Cynotilapia sp. "hara"
Blue Reef Afra
Synonyms: Cynotilapia sp. "blue reef", Cynotilapia sp. "gallireya", Cynotilapia sp. "white top hara"
Above: A male Cynotilapia sp. "hara". Photo by Rick Borstein.
Genus- Kyno= dog (Greek), tilapia= African for fish (Bechuana).
Cynotilapia sp. "hara" is an undescribed Lake Malawi mouth brooder. This is a new fish to the hobby, and is similar in many ways to other members of the genus, although more docile. Although a relative newcomer, it has become fairly popular in the trade.
Cynotilapia sp. "hara" is found at Gallireya Reef.
Size, Maturity, and Sexual Dimorphism:
Size: Males- 4 inches, Females- 3.5 inches
Maturity: 2 inches
Sexual Dimorphism: Males are larger than females and are more colorful. They also have longer pelvic fins and show much intense striping.
Cynotilapia sp. "hara" is easy to care for. Rocks should be put in the tank for hiding and to give the fish a breeding surface. This fish is not real aggressive and can be kept with other fish. They are active, so make sure whatever you put them with won't be bothered by their activity. They do tend to be shy at first, so provide plenty of hiding spot.
This fish is a planktivore in the wild. Feed a healthy mix of fiber and protein rich foods. Mine were well conditioned on spectrum and Spirulina flake.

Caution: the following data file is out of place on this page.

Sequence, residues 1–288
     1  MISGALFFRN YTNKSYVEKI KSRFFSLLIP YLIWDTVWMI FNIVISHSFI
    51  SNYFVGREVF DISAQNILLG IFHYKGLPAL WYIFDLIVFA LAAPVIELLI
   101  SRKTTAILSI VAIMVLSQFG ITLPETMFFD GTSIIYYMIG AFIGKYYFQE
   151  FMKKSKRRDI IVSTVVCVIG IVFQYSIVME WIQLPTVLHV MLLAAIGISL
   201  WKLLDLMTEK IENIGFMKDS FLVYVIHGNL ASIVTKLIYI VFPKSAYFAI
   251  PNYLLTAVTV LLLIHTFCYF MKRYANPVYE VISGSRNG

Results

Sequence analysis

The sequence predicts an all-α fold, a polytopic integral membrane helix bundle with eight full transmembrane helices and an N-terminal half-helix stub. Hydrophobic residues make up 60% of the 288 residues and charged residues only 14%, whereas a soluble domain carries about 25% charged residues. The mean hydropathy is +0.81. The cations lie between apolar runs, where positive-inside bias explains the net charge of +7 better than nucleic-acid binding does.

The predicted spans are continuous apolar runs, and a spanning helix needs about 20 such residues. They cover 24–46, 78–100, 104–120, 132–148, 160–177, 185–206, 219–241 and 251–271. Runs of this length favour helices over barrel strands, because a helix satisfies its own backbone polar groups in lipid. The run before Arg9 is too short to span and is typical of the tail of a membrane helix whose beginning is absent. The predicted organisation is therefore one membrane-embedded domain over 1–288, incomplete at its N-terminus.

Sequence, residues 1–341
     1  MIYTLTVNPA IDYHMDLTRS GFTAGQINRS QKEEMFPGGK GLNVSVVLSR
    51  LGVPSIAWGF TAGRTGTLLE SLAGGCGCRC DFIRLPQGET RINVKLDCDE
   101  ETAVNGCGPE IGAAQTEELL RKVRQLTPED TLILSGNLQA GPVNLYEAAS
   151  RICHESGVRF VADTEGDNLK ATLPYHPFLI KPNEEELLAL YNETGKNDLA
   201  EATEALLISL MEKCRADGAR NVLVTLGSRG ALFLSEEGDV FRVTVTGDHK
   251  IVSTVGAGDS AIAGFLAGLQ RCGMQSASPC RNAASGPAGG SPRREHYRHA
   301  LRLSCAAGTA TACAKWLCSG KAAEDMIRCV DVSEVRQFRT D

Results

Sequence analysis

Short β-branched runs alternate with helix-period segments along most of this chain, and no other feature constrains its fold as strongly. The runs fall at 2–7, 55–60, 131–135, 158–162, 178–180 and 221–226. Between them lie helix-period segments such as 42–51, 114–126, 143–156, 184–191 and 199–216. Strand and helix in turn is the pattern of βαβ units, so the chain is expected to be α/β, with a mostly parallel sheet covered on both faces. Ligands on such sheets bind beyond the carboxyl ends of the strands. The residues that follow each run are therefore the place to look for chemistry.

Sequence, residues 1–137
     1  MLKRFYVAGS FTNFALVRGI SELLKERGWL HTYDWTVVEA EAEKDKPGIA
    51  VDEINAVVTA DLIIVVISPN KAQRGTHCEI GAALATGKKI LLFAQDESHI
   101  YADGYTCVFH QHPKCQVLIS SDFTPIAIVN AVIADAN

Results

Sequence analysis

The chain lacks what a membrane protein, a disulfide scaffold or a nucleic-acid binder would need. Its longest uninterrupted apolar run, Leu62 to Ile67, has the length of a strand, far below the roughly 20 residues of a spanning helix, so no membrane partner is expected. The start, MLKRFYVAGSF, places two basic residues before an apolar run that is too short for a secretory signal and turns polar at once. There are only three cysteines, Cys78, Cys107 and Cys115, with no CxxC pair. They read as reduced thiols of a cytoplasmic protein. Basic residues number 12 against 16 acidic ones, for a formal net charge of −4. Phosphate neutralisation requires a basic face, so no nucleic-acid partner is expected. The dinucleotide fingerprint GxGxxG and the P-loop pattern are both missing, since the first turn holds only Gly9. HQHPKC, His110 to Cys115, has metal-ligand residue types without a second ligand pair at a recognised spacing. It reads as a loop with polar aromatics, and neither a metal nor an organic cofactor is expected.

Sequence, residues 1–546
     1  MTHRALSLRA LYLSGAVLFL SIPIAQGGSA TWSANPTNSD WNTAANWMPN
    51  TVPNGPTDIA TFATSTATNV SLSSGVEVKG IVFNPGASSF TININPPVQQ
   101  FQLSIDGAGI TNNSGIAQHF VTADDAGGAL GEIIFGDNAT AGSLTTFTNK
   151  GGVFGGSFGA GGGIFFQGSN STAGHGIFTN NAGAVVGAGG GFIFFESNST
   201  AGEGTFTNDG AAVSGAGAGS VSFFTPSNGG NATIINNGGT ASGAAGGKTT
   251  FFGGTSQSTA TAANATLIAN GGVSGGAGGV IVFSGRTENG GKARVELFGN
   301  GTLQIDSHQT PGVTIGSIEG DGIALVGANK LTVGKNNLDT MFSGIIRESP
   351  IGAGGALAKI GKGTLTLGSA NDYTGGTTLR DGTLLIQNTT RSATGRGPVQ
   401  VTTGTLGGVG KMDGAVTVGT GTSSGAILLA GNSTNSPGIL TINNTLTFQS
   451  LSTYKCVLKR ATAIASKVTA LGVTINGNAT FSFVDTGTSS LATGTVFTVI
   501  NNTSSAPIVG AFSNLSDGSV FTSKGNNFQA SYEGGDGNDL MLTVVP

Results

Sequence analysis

This fish was not very hard to spawn. The male will display to the female, and the fish spawn typical mbuna style. The females are good holders, even at a young age. They hold about 18-20 days, at which point free swimming fry can be stripped from the female. Spawns are relatively small, between 20-30 fry.
Fry are easy to raise on baby brine and crushed flake. They begin to show color very young age.
This is a good community mbuna, and is colorful. This fish is gaining popularity, which is good as it is a nice mbuna. You rarely find an mbuna where the females are very pretty.
- Konings, A. (2007) Malawi cichlids in their natural habitat. 4th ed., Cichlid Press, El Paso, Texas, 424 pp.